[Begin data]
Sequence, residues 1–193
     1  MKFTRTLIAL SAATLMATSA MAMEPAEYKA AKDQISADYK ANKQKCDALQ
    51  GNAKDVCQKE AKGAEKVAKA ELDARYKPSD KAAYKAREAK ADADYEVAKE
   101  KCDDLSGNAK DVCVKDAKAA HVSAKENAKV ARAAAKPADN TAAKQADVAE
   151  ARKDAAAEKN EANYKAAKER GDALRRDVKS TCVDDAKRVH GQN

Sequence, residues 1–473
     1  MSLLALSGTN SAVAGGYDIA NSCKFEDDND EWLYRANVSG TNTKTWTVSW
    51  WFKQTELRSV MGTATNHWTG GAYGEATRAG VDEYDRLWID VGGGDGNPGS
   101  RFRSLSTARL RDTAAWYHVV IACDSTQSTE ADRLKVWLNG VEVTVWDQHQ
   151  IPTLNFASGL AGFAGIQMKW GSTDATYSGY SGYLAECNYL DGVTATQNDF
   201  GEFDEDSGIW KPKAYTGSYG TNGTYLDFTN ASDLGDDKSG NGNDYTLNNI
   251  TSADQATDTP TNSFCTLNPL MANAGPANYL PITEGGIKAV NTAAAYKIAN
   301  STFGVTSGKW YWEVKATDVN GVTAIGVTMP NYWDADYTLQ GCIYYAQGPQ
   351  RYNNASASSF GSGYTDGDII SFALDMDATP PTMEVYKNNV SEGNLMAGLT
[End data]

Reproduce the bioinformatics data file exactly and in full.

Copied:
Sequence, residues 1–193
     1  MKFTRTLIAL SAATLMATSA MAMEPAEYKA AKDQISADYK ANKQKCDALQ
    51  GNAKDVCQKE AKGAEKVAKA ELDARYKPSD KAAYKAREAK ADADYEVAKE
   101  KCDDLSGNAK DVCVKDAKAA HVSAKENAKV ARAAAKPADN TAAKQADVAE
   151  ARKDAAAEKN EANYKAAKER GDALRRDVKS TCVDDAKRVH GQN

Sequence, residues 1–473
     1  MSLLALSGTN SAVAGGYDIA NSCKFEDDND EWLYRANVSG TNTKTWTVSW
    51  WFKQTELRSV MGTATNHWTG GAYGEATRAG VDEYDRLWID VGGGDGNPGS
   101  RFRSLSTARL RDTAAWYHVV IACDSTQSTE ADRLKVWLNG VEVTVWDQHQ
   151  IPTLNFASGL AGFAGIQMKW GSTDATYSGY SGYLAECNYL DGVTATQNDF
   201  GEFDEDSGIW KPKAYTGSYG TNGTYLDFTN ASDLGDDKSG NGNDYTLNNI
   251  TSADQATDTP TNSFCTLNPL MANAGPANYL PITEGGIKAV NTAAAYKIAN
   301  STFGVTSGKW YWEVKATDVN GVTAIGVTMP NYWDADYTLQ GCIYYAQGPQ
   351  RYNNASASSF GSGYTDGDII SFALDMDATP PTMEVYKNNV SEGNLMAGLT